2.3.10

Weather Weathering


[This content recycled from my now-mothballed website, www.excitablemedia.com.]


Surprised as I was when my back bedroom window wouldn't open, when it stuck and I strained and struggled and my reddening cheeks betrayed clenched teeth, I was more surprised when it opened suddenly and I sprang back and it sprung up a full foot just as a great gust blew in from the West blowing a massive cloud of dust smack into my face, an angry beeswarm of dirt and motes from months of accumulation, having lain there taking on a life of their own, veritably crawling, until gale-force fate took hold and blew it up into my suddenly hack-hewn mug. Achoo!

[Introvert.]

Opening up is hard to do, apparently. I've been trying my whole life, and I'm still a shrink-wrapped clamshell, an unemancipated Houdini, an outgoing misanthropic cocoon if one there ever was. But it sure helps to know I'm not alone. According to a 50-cent beige paperback I found in Salvation Army, Pandora opened up her box in a failed attempt at revenge against Prometheus for stealing fire from Olympus. Her name translates as "all gifts" and, if scholars are believed, her release of formerly-boxed abstractions like the blasé "all-the-evil-in-the-world" into the open air is a requisite corrolary to Promethean (trans. "one who can see quite far") technological hubris. From where I'm standing, that's right on. I'd spent half the year in an energy-efficient hole, a little hive devoted to preserving and prolonging the scant gas-fed flame in my basement. Millenia of technological Wintry adaptations have resulted in thick layers of granite-fill insulation blown between various plasters, sheetrocks, aluminum sidings, and the sub-zero outside world, and all its necessary consequences: dust, dirt, dead skin cells, now forgotten as all here-to-fore impervious surfaces are refenestrated.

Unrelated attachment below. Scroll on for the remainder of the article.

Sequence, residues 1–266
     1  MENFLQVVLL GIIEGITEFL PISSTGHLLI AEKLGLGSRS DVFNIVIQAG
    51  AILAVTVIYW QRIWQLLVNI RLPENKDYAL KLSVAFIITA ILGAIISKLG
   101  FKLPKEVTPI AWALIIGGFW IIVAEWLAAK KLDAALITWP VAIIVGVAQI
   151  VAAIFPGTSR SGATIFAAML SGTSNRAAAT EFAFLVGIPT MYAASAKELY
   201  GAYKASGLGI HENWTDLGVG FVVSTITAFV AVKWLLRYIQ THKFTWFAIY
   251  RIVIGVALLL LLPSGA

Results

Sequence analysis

[Solipsisms.]

This great outcoming isn't all in my head. You see it everywhere as people emerge blinking onto their porches to spin their bare arms about their heads like teeter-totting toddlers or tops. I've seen stoop-sitting sights, believe you me. A tweed-sporting man sitting on the frightfully-close-to-the-sidewalk white clapboard steps, looking wordlessly right at me with a great Cheshire smile and holding a cigar horizontally in front of his face mustache . . . did he disappear when I turned round for another glimpse? There was a lady tucked on the corner of her three-season with half-rimmed glasses on the end of her nose, reading something alongside a glass of red, two identical cats draped onto the porch steps ten feet away, who looked up with a smile so faint that it wasn't. There are the inevitable bar-b-ques, one of which I walked past while peramblating 'round rapidly gentrifying Nord-East, and the man beckoned us over with his olfactory Hello, declaring himself the best cooker of venison this side of South Carolina, while his silent friend remained stoically opposite. No doubt that people are opening up.

Me, in particular. Every time I see an "open" sign in a shop window my heart skips a beat. I go to art openings just to bask in the warm scent of ten dozen minglers. I've installed Dutch doors in my foyer--those that are bifuracted horizontally--to the end of doubling my open-and-shut possibilities. It's all going well so far, what with my open-toed sandals, my open-minded philosophy, my open-face sandwiches leading to open-heart surgery, opening up the V8 on the open road in my open-air automobile injects gaiety into what little time I have left before my open-marriages catch up with me.

But don't let thoughts of speed and purpose mislead. Like parachutes, openness really does slow you down. Not only can you waste a whole afternoon inspecting the minute openings of a springtime flower, but each old-fashioned rolltop desk inadvertently left open, every open door of every bank vault, each paneless window beckons with possibility such that I find myself daily lost in myriad social crevasses, the gaps and whimsy within the social façade. I can't walk past any perforation into the membrane of what's seen without wondering whys and whats.

And when the external lets me down, I can retreat back to my own orfices: ears and noses and bungholes, for example spending an hour pulling off a forearm scab left from when I tripped last week and gouged myself on a rusted pitchfork, leaving quite some flesh wound, to which, like a wounded animal, I have returned time and again, picking and prodding at this gap in my epidermal outside. To stick your finger in there and poke--despite the pain, isn't it the most interesting opening?

[Existentialist trappings.]

No comments: